Massage & Bodywork

November | December 2014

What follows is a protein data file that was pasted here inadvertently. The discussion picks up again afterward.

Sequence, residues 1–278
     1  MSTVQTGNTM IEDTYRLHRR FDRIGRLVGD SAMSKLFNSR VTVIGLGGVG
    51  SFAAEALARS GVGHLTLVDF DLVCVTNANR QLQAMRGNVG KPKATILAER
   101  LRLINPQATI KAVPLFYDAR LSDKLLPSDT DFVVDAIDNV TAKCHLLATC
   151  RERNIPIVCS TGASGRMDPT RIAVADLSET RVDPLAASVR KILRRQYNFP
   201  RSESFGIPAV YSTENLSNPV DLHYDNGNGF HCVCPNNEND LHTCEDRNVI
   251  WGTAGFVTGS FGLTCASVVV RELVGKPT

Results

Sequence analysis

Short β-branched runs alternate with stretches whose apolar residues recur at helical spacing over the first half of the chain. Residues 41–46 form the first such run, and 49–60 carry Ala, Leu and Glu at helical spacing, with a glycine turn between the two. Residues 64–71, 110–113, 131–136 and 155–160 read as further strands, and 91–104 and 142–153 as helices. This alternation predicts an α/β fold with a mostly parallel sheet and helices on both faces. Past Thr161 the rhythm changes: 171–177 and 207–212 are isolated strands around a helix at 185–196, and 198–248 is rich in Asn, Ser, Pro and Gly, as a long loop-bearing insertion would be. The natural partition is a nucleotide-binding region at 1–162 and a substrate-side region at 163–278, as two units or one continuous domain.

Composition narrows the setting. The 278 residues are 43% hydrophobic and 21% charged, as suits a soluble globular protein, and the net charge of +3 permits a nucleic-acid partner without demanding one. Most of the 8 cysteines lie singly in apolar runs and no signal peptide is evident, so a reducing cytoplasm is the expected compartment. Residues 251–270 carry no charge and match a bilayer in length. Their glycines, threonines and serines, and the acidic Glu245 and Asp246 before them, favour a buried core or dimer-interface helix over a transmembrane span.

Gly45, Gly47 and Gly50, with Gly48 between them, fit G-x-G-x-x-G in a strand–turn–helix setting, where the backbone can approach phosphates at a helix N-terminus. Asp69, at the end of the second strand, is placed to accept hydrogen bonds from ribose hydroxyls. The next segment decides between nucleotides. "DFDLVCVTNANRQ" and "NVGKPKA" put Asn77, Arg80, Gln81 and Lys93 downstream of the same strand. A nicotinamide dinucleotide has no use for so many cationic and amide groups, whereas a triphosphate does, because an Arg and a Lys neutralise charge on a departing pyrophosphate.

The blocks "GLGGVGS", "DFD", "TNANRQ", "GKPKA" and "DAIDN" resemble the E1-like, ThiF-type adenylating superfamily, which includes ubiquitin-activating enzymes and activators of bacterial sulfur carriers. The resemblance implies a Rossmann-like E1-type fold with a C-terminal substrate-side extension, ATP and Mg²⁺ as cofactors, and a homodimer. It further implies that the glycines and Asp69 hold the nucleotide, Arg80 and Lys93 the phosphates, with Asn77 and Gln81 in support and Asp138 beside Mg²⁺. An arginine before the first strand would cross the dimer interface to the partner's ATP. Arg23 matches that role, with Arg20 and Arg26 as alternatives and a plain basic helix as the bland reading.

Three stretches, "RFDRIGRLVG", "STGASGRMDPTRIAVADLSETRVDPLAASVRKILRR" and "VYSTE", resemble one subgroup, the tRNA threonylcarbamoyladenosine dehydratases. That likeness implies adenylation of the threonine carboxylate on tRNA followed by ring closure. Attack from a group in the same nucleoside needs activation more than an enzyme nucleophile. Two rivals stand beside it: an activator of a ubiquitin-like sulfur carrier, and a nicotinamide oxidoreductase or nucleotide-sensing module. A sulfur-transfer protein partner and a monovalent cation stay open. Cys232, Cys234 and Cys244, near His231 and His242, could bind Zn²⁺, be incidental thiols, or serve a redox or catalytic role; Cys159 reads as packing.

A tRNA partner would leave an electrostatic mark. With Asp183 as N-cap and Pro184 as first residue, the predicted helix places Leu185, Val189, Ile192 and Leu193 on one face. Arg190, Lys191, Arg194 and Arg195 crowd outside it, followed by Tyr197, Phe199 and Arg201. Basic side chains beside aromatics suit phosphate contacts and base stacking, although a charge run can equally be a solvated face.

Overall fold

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There is undoubtedly a lot to learn before working with this clientele. "Talk with healed veterans, research the potential injuries. Start looking at pictures of wounds to get used to what they look like. I've seen wounds, lacerations, scar tissue, loss of limb, burns, hip fractures, vertebral destruction, arms and legs ripped out of sockets, blindness, deafness, PICC lines, colostomy bags, bandages, metal rods running through their bodies … oh yeah, you've got a lot to learn." While from a practical perspective the work is really no different from what other MTs traditionally deliver to their clients, there are certainly some nuances. For instance, it's important to deliver massage to the missing limb. "You need to visualize the full limb being there," David says. "You literally give that energy to that limb. "If you hit a spot that's scar tissue, go into it. If it's too painful, go lighter. Don't be afraid of getting into that tissue. If we make it different, then it becomes different. And they don't want to be different," he explains. David says it's critical to do an exhaustive intake, talking with clients for 30–60 minutes before touching them the fi rst time. Some clients may still be on high doses of pain medications— have them list all their medications, making sure you understand the effects of each one, and check in frequently when they're on the table. Find out if their doctors have cleared them for massage, but don't turn away those who haven't yet asked. Do, however, use common sense. If the client has a PICC line, you obviously stay away from it. The same goes for an open wound or freshly formed scar. However, David has worked on several of these clients the same day as their surgery. Instruct clients to speak to their medical case managers and ask if there are any contraindications for them receiving massage or bodywork. "When Paul was shish-ke-babed with metal rods going through his left leg, I didn't go anywhere near it until the rods came out. His entire left leg was rebuilt. Not until the rods came out and he got permission from his doctors did I start working with it." Satisfaction Unlike Any Other Working with wounded warriors provides a satisfaction unlike any other, David says. "It satisfi es my passion for helping people. And it's one of the most fulfi lling, rewarding, and enriching activities I do in my life." What you get back in return is tenfold. "There is an amazing camaraderie," David says of his wounded warrior clients. "I'm humbled by these people. It's an amazing feeling to know that you've helped them." The wounded come and go from David's client list as they transition out of Walter Reed and make their way back home. "Their main task is to get done at Walter Reed and get back home," David says. "My job is to help them do that." Karrie Osborn is senior editor at Associated Bodywork & Massage Professionals. Contact her at For more information about David Kupferschmid's work, visit his website at DAVID'S HEROES David Kupferschmid, shown here assessing Lance Corporal Paul Shupert's scar tissue, says his job is to help these heroes get home. Photo by Shy Shorer. Get Involved VA Facilities Directory ash=1 National Center for PTSD US Department of National Veterans Affairs CAUSE Wounded Warriors Project

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